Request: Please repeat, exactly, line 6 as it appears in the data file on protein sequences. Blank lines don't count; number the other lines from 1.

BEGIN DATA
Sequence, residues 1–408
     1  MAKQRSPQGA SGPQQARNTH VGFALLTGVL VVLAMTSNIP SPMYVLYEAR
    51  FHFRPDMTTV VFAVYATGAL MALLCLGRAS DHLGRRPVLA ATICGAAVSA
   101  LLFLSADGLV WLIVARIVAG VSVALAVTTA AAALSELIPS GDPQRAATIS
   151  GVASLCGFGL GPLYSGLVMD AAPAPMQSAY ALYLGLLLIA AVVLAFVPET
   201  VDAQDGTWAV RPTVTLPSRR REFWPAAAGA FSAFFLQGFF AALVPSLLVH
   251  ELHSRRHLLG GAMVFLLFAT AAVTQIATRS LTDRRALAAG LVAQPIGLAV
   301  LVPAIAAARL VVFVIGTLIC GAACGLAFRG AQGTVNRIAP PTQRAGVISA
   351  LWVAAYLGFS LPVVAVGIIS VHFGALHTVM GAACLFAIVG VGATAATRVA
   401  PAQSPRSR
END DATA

   201  VDAQDGTWAV RPTVTLPSRR REFWPAAAGA FSAFFLQGFF AALVPSLLVH